ome are writing Rep. Bob Etheridge's political obituary after his videotaped tussle with two (apparent) college kids went viral, but his re-election campaign may not be dead yet. The Congressman has represented the historically Democrat district in North Carolina for seven straight terms, and his Republican rival, Renee Ellmers, is a nurse with a slim political record and only $5,462 in campaign funds as of mid-May. Still, Ellmers says the spat has triggered a flood of donations. Will Etheridge's attack end his career, or could he live to fight another day? (Watch Renee Ellmers' comments on the Etheridge incident)
This video turns the tables in favor of the Republicans: Etheridge's "bizarre" response in the viral video will almost certainly have "political consequences" in the fall, says John Fund in The Wall Street Journal. The videotape will "inevitably" play a central role in commercials "playing into Republican charges" that Etheridge has "grown arrogant in office." And Ellmers, while inexperienced, is an "attractive Tea Party-backed candidate."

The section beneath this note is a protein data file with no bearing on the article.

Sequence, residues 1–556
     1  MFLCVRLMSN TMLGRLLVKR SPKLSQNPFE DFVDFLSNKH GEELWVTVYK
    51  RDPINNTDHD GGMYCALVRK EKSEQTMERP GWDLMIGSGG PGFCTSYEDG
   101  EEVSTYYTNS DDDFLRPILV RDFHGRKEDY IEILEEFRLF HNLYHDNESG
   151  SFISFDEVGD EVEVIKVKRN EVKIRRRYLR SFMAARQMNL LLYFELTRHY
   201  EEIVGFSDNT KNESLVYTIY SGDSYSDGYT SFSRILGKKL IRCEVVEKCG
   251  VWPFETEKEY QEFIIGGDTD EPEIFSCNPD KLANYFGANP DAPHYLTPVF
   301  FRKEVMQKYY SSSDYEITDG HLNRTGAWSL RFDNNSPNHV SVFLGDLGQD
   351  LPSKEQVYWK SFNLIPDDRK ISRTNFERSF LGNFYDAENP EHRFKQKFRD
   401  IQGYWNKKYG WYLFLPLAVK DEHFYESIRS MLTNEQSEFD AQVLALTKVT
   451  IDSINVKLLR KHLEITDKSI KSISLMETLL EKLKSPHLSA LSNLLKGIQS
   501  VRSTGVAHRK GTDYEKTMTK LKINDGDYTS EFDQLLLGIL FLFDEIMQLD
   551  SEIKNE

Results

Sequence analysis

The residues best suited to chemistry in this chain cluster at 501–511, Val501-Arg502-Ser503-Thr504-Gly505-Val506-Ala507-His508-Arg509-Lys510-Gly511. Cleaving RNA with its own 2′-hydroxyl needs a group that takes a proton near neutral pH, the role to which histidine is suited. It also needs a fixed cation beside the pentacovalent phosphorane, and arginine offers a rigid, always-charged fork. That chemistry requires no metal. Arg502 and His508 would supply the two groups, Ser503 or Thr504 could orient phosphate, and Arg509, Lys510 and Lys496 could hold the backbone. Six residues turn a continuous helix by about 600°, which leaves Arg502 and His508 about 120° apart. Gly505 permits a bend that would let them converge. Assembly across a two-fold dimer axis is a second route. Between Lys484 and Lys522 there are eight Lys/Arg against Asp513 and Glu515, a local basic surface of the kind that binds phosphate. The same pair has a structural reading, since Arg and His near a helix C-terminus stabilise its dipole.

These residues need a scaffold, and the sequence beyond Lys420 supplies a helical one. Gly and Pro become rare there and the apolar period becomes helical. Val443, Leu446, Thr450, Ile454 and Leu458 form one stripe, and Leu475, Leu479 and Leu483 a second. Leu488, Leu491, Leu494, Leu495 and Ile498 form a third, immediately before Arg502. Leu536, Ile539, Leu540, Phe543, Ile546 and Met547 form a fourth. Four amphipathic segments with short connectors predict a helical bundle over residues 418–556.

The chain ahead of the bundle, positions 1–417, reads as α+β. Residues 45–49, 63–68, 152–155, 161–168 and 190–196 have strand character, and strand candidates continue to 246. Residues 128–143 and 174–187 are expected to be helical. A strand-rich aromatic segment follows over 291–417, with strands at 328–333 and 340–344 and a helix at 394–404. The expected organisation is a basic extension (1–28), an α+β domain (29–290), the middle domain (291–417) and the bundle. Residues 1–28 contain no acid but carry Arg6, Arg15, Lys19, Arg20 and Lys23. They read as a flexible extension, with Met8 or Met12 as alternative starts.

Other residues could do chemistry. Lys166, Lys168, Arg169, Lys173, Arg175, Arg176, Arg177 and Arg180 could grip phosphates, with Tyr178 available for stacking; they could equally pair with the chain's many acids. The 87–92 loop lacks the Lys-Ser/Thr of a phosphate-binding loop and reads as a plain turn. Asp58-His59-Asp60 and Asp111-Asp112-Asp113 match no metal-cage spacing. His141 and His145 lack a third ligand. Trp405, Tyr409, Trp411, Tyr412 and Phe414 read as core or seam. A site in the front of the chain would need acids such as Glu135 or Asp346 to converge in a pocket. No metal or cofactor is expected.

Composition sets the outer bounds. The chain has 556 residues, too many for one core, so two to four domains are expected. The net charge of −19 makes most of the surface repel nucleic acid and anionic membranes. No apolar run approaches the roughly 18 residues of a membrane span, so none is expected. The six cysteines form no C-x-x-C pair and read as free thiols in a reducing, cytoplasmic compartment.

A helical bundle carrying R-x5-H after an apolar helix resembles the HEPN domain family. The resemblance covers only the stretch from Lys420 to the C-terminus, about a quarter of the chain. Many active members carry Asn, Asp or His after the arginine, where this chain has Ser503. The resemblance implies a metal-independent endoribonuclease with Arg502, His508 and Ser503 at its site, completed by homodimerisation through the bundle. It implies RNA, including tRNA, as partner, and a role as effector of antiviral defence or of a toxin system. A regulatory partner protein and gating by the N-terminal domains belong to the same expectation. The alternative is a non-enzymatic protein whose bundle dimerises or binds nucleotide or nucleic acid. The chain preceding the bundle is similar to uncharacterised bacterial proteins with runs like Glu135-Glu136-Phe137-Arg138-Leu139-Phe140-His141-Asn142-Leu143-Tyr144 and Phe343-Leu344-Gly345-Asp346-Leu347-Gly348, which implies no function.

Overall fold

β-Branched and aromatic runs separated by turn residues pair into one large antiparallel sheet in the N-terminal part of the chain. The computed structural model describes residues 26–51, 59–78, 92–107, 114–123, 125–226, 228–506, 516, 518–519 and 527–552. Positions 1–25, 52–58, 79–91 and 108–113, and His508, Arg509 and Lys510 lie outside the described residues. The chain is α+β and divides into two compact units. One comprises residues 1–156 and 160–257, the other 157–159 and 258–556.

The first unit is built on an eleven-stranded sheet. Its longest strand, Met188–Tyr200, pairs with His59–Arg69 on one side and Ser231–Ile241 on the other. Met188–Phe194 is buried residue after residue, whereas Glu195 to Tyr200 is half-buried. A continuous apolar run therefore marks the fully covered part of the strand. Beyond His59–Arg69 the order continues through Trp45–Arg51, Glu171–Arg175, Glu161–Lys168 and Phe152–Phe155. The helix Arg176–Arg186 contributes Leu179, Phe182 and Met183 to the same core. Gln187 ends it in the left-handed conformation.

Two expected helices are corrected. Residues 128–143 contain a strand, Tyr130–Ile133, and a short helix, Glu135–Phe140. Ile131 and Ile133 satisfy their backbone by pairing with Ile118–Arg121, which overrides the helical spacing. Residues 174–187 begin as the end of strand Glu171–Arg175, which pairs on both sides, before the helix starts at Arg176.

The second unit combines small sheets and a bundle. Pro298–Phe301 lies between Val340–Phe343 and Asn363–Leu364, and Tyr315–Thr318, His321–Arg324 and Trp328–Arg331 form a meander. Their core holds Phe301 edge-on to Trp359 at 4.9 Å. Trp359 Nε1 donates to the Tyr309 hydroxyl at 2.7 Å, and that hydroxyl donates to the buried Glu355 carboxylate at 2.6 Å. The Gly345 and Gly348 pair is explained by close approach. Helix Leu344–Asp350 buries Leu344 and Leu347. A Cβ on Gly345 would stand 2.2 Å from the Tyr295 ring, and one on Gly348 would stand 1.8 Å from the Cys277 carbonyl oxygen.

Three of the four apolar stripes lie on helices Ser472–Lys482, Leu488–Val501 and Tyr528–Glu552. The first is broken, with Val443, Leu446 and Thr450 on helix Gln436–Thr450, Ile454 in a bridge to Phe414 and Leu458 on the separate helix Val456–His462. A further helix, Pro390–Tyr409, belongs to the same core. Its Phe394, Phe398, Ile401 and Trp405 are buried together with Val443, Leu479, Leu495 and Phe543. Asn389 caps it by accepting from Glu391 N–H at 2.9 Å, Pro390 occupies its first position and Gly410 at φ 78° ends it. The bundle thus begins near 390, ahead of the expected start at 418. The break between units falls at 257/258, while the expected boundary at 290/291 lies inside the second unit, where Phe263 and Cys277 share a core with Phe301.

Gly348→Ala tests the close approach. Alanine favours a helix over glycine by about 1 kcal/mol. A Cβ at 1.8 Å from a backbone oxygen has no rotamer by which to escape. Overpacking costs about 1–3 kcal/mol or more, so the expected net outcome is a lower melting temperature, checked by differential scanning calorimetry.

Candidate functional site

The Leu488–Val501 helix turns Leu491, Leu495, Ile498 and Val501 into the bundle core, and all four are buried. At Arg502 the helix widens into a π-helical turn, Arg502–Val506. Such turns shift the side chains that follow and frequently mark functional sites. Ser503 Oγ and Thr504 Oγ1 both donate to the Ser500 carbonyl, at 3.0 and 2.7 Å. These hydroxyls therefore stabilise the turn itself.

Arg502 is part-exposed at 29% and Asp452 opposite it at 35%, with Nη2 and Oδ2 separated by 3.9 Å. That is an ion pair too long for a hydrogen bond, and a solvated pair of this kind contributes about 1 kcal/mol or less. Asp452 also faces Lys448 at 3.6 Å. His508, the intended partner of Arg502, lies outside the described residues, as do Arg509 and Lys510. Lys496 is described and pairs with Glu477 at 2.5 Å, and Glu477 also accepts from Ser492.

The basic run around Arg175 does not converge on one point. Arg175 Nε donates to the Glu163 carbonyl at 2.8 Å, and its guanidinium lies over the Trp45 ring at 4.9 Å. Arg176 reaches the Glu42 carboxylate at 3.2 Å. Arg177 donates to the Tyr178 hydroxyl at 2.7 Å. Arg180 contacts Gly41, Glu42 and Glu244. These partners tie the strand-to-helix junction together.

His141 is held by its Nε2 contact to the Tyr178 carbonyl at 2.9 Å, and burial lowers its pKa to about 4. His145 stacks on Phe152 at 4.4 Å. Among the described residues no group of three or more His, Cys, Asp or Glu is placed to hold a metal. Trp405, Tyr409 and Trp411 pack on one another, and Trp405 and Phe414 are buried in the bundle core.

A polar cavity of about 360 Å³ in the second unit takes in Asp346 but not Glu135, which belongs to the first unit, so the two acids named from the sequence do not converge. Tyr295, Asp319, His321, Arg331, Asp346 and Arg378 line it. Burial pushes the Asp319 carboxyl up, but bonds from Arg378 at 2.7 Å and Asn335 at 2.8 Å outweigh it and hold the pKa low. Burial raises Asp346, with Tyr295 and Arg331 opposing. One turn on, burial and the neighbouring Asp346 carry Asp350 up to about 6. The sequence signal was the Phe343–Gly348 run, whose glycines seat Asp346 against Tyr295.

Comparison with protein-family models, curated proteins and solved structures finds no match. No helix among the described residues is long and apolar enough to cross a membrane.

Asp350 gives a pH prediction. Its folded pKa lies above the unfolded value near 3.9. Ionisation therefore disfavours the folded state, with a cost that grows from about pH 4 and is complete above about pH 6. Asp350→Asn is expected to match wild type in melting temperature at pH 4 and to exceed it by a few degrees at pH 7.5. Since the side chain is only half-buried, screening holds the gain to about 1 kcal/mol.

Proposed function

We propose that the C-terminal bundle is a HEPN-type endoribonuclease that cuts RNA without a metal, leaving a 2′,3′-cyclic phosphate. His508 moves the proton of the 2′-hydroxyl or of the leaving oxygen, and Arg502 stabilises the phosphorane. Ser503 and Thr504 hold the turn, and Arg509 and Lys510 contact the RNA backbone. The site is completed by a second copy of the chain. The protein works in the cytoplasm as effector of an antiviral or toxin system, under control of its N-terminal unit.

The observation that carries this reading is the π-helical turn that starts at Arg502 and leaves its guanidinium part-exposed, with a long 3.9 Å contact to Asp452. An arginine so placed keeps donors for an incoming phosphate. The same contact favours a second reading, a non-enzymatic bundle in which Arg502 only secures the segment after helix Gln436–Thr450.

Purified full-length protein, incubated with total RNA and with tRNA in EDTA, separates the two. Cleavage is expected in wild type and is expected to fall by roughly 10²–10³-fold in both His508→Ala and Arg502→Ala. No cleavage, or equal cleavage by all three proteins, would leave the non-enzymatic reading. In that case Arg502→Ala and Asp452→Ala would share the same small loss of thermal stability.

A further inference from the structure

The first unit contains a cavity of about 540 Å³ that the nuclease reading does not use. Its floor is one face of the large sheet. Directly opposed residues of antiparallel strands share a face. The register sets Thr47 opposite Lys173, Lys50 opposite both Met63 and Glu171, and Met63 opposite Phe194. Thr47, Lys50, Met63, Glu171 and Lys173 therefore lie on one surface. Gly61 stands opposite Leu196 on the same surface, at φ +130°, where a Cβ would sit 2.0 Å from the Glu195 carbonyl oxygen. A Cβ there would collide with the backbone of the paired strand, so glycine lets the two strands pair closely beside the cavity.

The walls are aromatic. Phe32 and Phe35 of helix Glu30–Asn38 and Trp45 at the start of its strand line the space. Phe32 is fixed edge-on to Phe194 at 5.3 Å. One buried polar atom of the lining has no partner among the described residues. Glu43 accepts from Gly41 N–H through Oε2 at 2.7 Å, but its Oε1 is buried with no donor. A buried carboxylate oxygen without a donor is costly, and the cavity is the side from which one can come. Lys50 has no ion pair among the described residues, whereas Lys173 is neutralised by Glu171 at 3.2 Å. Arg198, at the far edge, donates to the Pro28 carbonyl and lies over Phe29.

"Giving new meaning to 'bully' pulpit"
History suggests otherwise: The "history of political gaffes" and their impact on rivals' fundraising efforts actually favors Etheridge, says Chris Cillizza at The Washington Post. Ellmers will certainly get a short-term boost, but "her chances of winning the race won't vastly improve." The key precedent here is Michele Bachmann's controversial labeling of Obama as "anti-American" in 2008. Her rival raised $2 million off the resulting outrage, but ultimately lost. Etheridge's career isn't over yet.
"Bob Etheridge and the political power (or lack thereof) of a gaffe"
But there's plenty for Etheridge's opponent to use against him: Until now, Etheridge's success in North Carolina has been based on his "centrist voting record," says Sean Trende at Real Clear Politics. But lately, he has "voted the national Democratic line" on issues such as the stimulus package and health-care bill (which only 37 percent of his constituents supported), perhaps over-confident of his opponent's "weakness." As "cash flows into Ellmers' coffers," there's a "pretty clear scenario to see how he loses."
"Is Etheridge in trouble?"
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